Google's Project Tango Will Shut Down March 1, 2018

Google's Project Tango Will Shut Down March 1, 2018

Google's Project Tango Will Shut Down March 1, 2018

Google has announced that it will be "turning down" Tango, its ambitious augmented-reality project for redefining what a smartphone camera can do, in March 2018.

We have seen how impressive Google's machine learning can turn out to be. This development comes nearly three years after Project Tango was first introduced back in 2014. It has confirmed that the "Google is continuing AR development with ARCore". Despite its limitations, Tango's refined hardware makes it faster and more accurate than ARCore.

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Launched previous year, the Lenovo Phab 2 Pro was the world's first Tango smartphone.

Also helping put that final nail in the coffin was Apple's ARKit, which was made available to developers in early summer then came to consumer devices in September with the release of iOS 11. It is an augmented reality (AR) platform which allows mobile devices to use computer vision to detect their position relative to the world.

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Project Tango wasn't a complete bust though, as many of its innovations were carried over to ARCore. But, Tango soon started falling off the radar due to speed and accuracy issues. It will be succeeded by ARCore, a new AR system by Google that was introduced in August this year. These pieces of hardware were necessary because Tango was based on having powerful sensors inside the device. Moreover, it doesn't require any special hardware. However, ARcore doesn't need a special camera to work, and it's already supported on high-end Android phones like the Google Pixel 2 and Samsung's Galaxy S8. But, Google already has a host of other companies on board like LG, Huawei, ASUS and more. So, with a little luck, we could potentially get an OS-wide implementation to seed throughout the Android realm, at one point or another. Additionally, it also required the regular camera setup. While the latter might not be almost as precise in its spacial mapping capabilities as Tango, the online giant naturally sees more potential in this approach, over the heavily hardware-reliant Tango.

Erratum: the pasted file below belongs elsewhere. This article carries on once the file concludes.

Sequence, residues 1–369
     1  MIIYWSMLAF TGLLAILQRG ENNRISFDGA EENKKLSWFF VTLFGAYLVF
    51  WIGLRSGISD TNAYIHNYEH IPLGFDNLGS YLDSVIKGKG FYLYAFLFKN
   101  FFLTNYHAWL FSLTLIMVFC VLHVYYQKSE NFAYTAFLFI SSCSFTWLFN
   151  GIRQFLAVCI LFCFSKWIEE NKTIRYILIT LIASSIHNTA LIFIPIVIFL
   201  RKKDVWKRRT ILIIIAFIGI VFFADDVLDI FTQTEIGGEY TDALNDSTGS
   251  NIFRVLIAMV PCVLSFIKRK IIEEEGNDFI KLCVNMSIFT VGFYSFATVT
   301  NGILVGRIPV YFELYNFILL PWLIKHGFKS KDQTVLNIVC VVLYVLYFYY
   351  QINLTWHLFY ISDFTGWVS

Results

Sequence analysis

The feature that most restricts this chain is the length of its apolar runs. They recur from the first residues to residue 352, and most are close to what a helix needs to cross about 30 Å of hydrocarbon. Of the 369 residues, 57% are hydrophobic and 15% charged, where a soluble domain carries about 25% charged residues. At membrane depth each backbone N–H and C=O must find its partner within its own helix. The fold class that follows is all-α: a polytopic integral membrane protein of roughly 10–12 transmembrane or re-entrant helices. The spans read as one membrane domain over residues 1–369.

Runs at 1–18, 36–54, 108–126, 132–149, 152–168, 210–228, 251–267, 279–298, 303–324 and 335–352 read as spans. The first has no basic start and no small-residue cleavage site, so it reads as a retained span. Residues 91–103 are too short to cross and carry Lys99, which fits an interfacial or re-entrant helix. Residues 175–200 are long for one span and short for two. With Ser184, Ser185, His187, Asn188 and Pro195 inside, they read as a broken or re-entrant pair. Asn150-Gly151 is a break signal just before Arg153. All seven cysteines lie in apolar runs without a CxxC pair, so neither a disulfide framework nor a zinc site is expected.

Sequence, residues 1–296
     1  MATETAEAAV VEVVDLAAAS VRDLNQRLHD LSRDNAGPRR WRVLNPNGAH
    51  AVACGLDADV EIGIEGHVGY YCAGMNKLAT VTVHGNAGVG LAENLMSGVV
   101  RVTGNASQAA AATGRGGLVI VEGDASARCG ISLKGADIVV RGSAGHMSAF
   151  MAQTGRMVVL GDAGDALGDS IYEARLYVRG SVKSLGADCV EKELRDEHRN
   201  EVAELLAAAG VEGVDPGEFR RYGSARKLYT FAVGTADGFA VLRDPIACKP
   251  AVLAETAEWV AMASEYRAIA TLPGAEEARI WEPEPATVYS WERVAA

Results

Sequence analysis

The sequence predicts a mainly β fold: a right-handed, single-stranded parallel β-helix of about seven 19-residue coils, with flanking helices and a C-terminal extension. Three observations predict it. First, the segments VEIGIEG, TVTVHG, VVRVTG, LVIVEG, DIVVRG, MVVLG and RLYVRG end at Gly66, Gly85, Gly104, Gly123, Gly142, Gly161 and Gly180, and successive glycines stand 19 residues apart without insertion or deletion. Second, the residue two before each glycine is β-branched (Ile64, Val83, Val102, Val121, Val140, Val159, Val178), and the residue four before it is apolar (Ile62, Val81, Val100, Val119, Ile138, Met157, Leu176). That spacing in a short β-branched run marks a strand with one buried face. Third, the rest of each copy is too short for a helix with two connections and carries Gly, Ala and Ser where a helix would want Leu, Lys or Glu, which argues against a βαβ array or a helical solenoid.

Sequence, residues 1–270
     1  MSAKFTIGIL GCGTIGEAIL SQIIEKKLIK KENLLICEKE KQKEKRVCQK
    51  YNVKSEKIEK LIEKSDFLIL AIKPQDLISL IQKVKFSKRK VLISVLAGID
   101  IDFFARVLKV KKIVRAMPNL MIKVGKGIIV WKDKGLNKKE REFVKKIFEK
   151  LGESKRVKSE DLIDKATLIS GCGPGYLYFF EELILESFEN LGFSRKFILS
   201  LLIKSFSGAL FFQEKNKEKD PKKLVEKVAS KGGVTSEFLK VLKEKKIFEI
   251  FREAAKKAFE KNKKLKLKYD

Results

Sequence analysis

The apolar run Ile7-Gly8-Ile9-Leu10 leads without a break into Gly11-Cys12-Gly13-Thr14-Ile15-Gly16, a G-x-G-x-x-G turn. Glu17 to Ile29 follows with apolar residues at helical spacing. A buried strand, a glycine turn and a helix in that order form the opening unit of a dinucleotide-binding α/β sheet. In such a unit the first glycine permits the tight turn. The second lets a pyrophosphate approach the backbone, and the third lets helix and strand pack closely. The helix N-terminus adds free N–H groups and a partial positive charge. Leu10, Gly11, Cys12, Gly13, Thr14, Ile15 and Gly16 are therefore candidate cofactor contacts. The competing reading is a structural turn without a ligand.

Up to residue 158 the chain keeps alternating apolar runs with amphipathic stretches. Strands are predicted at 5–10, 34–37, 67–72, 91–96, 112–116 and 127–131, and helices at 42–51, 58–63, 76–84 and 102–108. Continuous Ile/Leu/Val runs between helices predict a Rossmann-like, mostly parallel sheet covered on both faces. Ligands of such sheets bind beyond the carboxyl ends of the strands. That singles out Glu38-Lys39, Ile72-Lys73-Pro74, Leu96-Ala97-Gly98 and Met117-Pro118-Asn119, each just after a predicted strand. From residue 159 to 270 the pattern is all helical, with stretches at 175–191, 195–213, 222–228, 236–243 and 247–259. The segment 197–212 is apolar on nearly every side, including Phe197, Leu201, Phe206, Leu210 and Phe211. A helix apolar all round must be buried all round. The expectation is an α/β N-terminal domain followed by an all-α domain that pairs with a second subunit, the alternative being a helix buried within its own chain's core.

Google will stop supporting Project Tango, as the company shifts focus to the ARCore development platform.

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